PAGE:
Bill C-279 is “An Act to amend the Canadian Human Rights Act and the Criminal Code (gender identity and gender expression)”. It’s going through first reading in Parliament and there was some debate on it last Friday. You can see speeches in Parliament from this debate here and read the text of the bill here. The bill’s goal is to add gender expression and gender identity to the rights protected by the Canadian Human Rights Act and to make crimes motivated by discrimination based on gender expression and identity (i.e. transphobia) hate crimes—that is, subject to more stringent sentencing.
Let me once again urge everyone in Canada to contact their MP and tell them to vote for this bill. (Here is where you can find out who your MP is and how to contact him or her.) (Oh, and tell your MP to read this.) The bill was passed by the last Parliament but didn’t make it through the Senate before election time, so had to go back to square one—with a Conservative majority this time.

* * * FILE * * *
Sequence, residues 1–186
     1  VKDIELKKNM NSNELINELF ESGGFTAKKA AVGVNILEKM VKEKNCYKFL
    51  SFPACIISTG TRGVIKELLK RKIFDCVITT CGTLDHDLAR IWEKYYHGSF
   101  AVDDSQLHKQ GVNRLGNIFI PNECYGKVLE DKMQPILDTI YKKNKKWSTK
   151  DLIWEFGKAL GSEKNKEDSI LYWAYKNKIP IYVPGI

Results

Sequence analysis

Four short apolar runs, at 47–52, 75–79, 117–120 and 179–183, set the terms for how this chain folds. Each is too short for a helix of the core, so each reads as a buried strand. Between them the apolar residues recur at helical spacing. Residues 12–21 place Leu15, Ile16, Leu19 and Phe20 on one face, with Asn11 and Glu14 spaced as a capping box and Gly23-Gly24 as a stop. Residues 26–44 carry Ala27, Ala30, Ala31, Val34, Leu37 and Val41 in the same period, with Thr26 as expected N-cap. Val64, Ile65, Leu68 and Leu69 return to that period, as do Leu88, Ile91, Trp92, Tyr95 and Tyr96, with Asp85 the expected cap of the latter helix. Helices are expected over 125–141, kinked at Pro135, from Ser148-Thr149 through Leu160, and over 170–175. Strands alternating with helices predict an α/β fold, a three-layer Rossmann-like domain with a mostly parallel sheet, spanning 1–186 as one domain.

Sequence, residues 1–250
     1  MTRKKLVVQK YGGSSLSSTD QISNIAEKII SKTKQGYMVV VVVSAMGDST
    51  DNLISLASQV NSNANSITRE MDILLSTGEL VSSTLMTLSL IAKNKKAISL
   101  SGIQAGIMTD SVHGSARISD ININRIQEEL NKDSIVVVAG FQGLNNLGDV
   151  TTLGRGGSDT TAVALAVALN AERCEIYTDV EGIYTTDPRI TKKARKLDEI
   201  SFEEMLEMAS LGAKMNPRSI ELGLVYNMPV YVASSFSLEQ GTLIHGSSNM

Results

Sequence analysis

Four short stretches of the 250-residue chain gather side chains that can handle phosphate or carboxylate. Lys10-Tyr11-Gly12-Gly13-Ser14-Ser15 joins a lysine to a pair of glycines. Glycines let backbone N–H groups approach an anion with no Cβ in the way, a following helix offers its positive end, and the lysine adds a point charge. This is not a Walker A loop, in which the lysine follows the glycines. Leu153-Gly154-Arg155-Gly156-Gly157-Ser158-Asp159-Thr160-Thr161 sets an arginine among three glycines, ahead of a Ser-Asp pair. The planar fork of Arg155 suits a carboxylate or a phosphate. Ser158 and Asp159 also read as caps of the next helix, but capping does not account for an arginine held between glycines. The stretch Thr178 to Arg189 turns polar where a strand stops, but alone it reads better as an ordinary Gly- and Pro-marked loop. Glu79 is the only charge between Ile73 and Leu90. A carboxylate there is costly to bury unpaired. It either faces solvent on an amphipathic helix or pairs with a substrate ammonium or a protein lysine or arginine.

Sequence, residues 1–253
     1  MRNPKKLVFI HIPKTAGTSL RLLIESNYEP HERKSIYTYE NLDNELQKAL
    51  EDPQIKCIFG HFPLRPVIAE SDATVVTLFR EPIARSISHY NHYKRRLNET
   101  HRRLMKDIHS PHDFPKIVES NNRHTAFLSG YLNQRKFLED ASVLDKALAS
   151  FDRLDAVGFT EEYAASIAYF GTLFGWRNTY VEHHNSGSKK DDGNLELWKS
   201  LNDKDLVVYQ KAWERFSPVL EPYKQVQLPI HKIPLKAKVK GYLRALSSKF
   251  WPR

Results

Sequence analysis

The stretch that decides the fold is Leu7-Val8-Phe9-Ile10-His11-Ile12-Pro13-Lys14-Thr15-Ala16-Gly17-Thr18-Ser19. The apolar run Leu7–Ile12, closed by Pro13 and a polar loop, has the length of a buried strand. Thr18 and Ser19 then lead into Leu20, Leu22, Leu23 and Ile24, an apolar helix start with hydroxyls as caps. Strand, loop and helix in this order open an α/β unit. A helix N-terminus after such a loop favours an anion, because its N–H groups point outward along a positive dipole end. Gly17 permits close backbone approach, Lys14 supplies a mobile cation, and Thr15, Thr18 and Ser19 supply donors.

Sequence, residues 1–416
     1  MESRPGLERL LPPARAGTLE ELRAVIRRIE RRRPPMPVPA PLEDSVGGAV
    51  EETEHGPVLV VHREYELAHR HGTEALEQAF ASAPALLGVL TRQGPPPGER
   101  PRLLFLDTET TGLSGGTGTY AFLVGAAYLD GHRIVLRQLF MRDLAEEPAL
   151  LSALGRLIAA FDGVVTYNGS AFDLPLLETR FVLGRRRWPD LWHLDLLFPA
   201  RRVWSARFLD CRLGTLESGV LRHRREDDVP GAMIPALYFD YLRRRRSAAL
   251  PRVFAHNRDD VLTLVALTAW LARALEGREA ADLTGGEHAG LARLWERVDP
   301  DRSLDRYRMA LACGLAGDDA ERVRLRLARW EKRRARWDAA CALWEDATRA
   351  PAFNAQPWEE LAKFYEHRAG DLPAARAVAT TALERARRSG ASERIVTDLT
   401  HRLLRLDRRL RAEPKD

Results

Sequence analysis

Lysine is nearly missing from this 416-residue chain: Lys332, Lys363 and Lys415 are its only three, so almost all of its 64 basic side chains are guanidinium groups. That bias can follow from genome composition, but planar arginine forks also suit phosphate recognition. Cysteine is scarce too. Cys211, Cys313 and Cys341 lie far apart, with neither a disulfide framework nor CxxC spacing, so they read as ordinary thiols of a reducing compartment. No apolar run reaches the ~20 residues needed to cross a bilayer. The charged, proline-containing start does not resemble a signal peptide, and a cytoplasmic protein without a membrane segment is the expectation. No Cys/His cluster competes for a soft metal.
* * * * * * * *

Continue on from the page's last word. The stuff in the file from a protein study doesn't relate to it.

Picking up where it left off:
Reading through the speeches for and against this bill, I’m struck by one thing—and it’s not the stupid, ignorant “bathroom bill” claims, which are bogus anyways. It’s the insistence by its opponents that this bill is unnecessary. Because human rights tribunals have ruled in favour of trans people already, citing the clause against sex discrimination. You know what? That’s great that some judges found a way to interpret the law so as actually to protect people. But that still doesn’t mean trans people are actually protected by law. Because hey, sex isn’t gender, and it certainly isn’t gender expression, and saying transgenderism falls under sex for legal purposes is, to me, just like saying “She used to be a man” or “X, who was born a woman but thinks she’s a man”. It’s denying what people are saying about their own experience. It’s insisting someone shouldn’t be offended because you’re not being offensive. It’s mansplaining. Pat on the head, get back to work, I can’t see your problem so it must not be there.
And you know what else? “Oh my god, I don’t know if we should extend human rights to this class of people, what about all the other people who will have to worry about other people’s rights now? It’s so hard and confusing to have to give people who are different from me their fundamental human rights. Oh my goddddd.”
(I suggest trying to be a bit more coherent than this when you contact your MP.)